How is Animoto used in the classroom

On February 18, 2011, the Neue Luzerner Zeitung published an article in a dossier on the subject of "Computers in School" with information about the ongoing 1to1-computing pilot project at the Guttannen School. Below is an excerpt from the article (published with the kind permission of the editors):

The classroom of the future

Editorial staff: Barbara Inglin


Today the children bring their cell phones to school and surf the Internet at home. Schools can no longer ignore this trend. In our dossier we show projects from Germany and abroad. And we ask: Does the introduction of the laptop into the classroom mean the end of the Cretaceous Age?

One child, one computer. The experts call this “One to One Computing”. This is reality in a small mountain village in the Bernese Oberland. Guttannen has 320 inhabitants. Each of the sixteen 5th to 6th graders has had their own net or notebook since last summer.

The teacher couple Urs Zuberbühler and Andrea Scherling realized this classroom of the future - probably as the first in Switzerland at primary level, and without sponsorship of computer companies. "Because the eight computer boxes in the classroom were in the way," as Zuberbühler says. So far, there have only been similar projects in higher school levels.

Blog entries and podcasts

A lot has changed in Guttannen since then. The teacher places teaching materials in the virtual "drop box", to which the students have access. You create blog entries, podcasts, a virtual school diary. The word dictation is individualized. Zuberbühler makes a sound recording for every student, so everyone can practice what they can't yet. The dictation is listened to via the netbook.

School-free due to avalanches, which used to happen often, will no longer exist in the future. The orders and worksheets are sent via the Internet to those who are cut off from school. Once filled out, the sheets come back to the teacher via the Internet. The class exchanges ideas with a French-speaking partner class from Valais via a joint working platform. The netbook would also be suitable for “Franzwörtli” queries. The students are "very motivated to work with the computer," says Zuberbühler.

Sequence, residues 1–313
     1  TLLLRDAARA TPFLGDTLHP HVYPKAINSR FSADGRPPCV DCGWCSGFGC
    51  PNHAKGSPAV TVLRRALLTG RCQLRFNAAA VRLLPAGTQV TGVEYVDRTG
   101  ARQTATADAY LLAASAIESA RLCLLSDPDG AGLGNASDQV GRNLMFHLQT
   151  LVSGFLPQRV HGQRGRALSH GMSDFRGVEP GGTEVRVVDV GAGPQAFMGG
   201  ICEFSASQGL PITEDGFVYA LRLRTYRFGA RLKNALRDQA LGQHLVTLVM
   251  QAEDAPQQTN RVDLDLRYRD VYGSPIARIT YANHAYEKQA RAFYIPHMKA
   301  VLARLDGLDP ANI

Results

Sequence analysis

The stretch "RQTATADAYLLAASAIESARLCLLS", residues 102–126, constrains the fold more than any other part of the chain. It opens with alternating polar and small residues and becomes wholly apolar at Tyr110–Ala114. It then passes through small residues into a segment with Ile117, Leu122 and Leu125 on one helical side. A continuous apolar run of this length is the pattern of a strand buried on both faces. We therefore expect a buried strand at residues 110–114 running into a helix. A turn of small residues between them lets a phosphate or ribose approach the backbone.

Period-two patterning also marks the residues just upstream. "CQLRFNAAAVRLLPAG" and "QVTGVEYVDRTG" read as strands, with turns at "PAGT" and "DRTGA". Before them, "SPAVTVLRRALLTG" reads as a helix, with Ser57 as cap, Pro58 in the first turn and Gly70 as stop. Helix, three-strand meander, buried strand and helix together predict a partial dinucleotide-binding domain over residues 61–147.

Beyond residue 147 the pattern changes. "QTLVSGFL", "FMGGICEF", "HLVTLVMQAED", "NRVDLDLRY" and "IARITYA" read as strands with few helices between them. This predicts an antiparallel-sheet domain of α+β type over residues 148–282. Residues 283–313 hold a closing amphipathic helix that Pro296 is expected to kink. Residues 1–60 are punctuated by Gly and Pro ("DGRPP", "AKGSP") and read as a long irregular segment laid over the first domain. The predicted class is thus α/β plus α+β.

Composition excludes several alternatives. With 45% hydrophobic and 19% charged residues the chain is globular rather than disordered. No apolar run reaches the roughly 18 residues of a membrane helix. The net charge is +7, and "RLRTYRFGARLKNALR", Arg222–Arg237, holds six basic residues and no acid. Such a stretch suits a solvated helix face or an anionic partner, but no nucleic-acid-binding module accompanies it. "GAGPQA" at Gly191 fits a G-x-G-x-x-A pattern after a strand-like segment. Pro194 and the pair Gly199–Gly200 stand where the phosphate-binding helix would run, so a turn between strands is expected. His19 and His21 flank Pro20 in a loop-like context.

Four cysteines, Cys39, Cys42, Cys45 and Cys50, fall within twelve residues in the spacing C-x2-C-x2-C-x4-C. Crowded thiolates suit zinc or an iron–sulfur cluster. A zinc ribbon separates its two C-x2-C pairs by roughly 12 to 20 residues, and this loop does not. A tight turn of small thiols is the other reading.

Nevertheless, the school hours in Guttannen are probably closer to conventional lessons than one might assume. "We make music and do gymnastics without a computer, and otherwise the notebooks are only used in between," says Zuberbühler. On average, the children sit in front of the screens for two hours a week.

Digital media as a supplement

This experience coincides with the statements of various experts who took part in a specialist conference on “One to One Computing” in Goldau last week. For Beat Döbeli from the Institute for Media and Schools at the University of Teacher Education Central Switzerland in Goldau, one thing is clear: “Pencil and school books will continue to have their place in the classroom. Digital media are added to this. "

An addition, however, which one can no longer do without in the future. “The children bring their cell phones to school, and in their free time they surf the Internet. We cannot ignore the fact that these media are part of their lifeworld. " One to One Computing has long been a topic in research, but now the time has come to introduce it across the board. “Netbooks are now so small, mobile and light that they fit in the hands of children. The prices are so low that schools can afford whole class sets, ”says Döbeli. Teacher Zuberbühler, for example, bought the netbooks for his class on the Ricardo auction platform for 230 francs each. “It was possible to purchase it using the normal school budget,” he says.

But what does the change mean for students and teachers? "The school is losing its learning sovereignty," says Ben Bachmair, professor at the University of Kassel. "More and more schoolchildren can no longer learn with the current model in which the teacher simply transfers knowledge."